Gary: Well, how so often when people come into me for counseling, they don’t realize how they are directly contradicting what Paul tells us to do in 1 Corinthians 13. Love doesn’t boast, and they boast about how they’re the better spouse. Love keeps no record of wrong, and the wife will say, “Do you realize when he was in college, he got fired from Taco Bell for this and he got kicked out of school for that,” and you got, okay, and if I would just read first Corinthians right there and they go, “Oops,” because they’re- they’re coming here with all the things that their spouse doesn’t do and I’m saying, “Well, yeah, that’s true, and you’re not doing anything that Paul describes as love in 1 Corinthians 13,” and that’s really what we look at marriage as, is that it’s not that one person is right or wrong, it’s how marriage helps both of us become more right, more loving, fulfilling, 1 Corinthians 13, ’cause I don’t think that most of us get married with the agenda that God has, and if I could just add on to when I got married selfishly, the other thing I think is so wrong when I got married, is I thought my greatest need was to be loved. I loved movies. I loved pop music. I loved novels. And every one of them were in agreement that, that was what was be fulfilling. I had to find that love. That was my greatest need. And I believe that God would’ve told me, “No, your need to be loved has been met perfectly in the person of Jesus. No one can love you more than I’ve loved you. I died for your sins. I’ve given you my spirit, who comforts you, who convicts you if you start to do those stupid things, makes you miserable so you turn around and come back. So, if- if you were in Christ, I don’t believe your greatest need is to be loved. Your greatest need is to learn how to love.
Jim: Boy, that’s a big paradigm shift.
Gary: Oh, it was months for me. It was like, when this is God dropped in and I really struggled with it for months, but then I- I put in the scripture, I don’t want people to just take my experience. There are so many versus that say, love extravagantly. Love you have, the love you have for everyone should be increasing. Love even your enemies. There isn’t a single verse that says, “To be fulfilled, find a romantic partner who will love you like you’ve never been loved before.”
Gary: So, I- I think the silence of scripture is very loud and the overwhelming witness of scripture is, you need to learn how to love. I didn’t get married for that reason, but I believe God wanted me to get married for that reason, and I grew in my appreciation and satisfaction in marriage when my agenda began to align with God’s, rather than trying to get God to give me what I thought I needed out of marriage.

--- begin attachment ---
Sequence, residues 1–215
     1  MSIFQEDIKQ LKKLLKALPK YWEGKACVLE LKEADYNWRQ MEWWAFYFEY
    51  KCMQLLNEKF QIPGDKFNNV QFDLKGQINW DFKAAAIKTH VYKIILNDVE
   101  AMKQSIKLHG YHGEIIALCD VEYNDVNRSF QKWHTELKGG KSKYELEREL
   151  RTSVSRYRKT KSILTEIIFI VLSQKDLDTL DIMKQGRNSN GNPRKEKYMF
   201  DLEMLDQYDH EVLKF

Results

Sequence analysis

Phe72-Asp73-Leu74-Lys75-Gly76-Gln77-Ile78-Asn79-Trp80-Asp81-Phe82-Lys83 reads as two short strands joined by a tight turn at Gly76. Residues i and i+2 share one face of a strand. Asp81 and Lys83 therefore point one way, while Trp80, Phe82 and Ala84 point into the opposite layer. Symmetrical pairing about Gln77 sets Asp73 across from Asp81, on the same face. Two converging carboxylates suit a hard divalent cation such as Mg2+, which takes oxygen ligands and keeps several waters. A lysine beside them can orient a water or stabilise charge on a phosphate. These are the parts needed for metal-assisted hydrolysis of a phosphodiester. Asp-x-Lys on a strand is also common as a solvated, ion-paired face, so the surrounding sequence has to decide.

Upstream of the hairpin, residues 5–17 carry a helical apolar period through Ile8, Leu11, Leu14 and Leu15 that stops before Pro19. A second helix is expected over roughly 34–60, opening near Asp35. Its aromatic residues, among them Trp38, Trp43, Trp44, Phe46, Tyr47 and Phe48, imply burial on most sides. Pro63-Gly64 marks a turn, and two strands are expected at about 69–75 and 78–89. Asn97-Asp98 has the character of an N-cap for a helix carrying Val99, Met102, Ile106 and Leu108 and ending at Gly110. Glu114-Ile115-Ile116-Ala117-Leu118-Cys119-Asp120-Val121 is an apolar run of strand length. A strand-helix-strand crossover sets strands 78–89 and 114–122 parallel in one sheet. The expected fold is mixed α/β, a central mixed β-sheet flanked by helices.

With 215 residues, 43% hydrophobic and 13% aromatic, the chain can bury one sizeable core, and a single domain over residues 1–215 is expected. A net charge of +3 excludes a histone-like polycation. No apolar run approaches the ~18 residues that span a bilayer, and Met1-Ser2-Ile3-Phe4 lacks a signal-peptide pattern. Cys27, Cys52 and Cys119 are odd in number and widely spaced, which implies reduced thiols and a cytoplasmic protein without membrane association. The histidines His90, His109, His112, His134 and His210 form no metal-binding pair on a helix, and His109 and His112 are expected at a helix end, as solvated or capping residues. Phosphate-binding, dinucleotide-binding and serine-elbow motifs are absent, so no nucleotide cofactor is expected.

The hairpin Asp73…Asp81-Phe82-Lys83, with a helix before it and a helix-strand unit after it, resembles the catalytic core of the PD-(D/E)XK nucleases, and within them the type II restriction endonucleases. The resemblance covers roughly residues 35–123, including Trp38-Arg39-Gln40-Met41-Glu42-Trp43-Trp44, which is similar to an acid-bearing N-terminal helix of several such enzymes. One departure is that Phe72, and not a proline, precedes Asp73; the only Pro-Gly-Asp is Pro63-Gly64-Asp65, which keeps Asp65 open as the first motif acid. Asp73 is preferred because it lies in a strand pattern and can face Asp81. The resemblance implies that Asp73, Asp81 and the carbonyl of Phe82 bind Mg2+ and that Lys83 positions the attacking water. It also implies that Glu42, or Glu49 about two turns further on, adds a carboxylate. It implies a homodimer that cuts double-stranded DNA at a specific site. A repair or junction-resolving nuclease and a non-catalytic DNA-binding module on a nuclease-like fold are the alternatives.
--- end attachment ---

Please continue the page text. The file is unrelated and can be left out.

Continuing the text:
Jim: Well, and again, with that paradigm shift, uh, you also talk about a Monk’s marriage.
Jim: Now, I didn’t know Monks could be married.
John: That’s a big paradigm shift.
Jim: Yeah, that is a paradigm shift. Uh, so first of all, I need that definition. What did you mean by following monks marriage?
Gary: Well, if it’s a little bit of a creative thing, but I go off Psalm 146 that says, “Do not put your trust in princes, in human beings who cannot save.” So let’s go back 3,000 years when that Psalm was written. It doesn’t sound that shocking to us now because kings are sort of figure heads. Back then, kings had unrivaled, unquestioned authority. If they said, you’re poor, you’re gonna be poor. If they said, I want your wife, they got your wife. If they said, you’re gonna die, you died. If you go to prison. That- they- they did everything. And so, when the Psalm says, “Don’t put your trust in a king that you can see. Put your trust in God who you can’t, it was a shocking thing because everything within you would say, I have to have favor with the king because he can determine my life on earth, and the Psalm was to say, “No,” because in the end, he doesn’t determine you- your destiny. You have to trust in the God who you can’t see. So, let’s apply this to marriage. We put our hope in a spouse who we can see, not in a God we can’t see. How I tied it in with the monk, it may be the weird way my mind works, but you guys know, I like to read the Christian classics. I would read these books of monks and nuns that had very satisfying lives because they were so in love with Jesus. And I thought, well, they’re happy, but they’re not having all of, they don’t expect a spouse to do this, or a spouse to notice this, or hear this, or provide this, or offer that, and yet, they’re so happy. So, what if I could have this monk’s attitude that I will find my fulfillment and joy and meaning and purpose and affirmation from God, and then everything my spouse gives me, is extra. It’s not an expectation. It’s find my satisfaction with God, and so then, instead of being frustrated I’m not getting this ’cause I want that, and that ’cause I want that, it’s like, I have this and I get your smile, too, or your kiss, too, or your “atta boy,” too. And- and ’cause it dawned on me so often, when we’re dating, we have this attitude, “Wow, you- you got me flowers, you got this present, you sent me a card,” and then the wife says after they’re married, “You got me flowers again? You got me a card that you didn’t even write?” I mean, the-
Gary: The thing that delights you as boyfriend or girlfriend, can frustrate you as a husband or wife, it’s all because of expectations. They’re, you don’t expect in dating that they have to do it, and now they’re a spouse, and you expect them to do it, so you lose the joy. So, it’s really this way of saying, “How do we recapture the joy in marriage, by saying married people should be just as dependent on God for their satisfaction, for their affirmation, for their hope, their joy, their peace, and then marriage is added onto it. Rather than, trying to draw the- the majority of our affirmations, satisfaction, joy, and peace from our spouse, and go to church once a week and remember that God loves us and forgives us.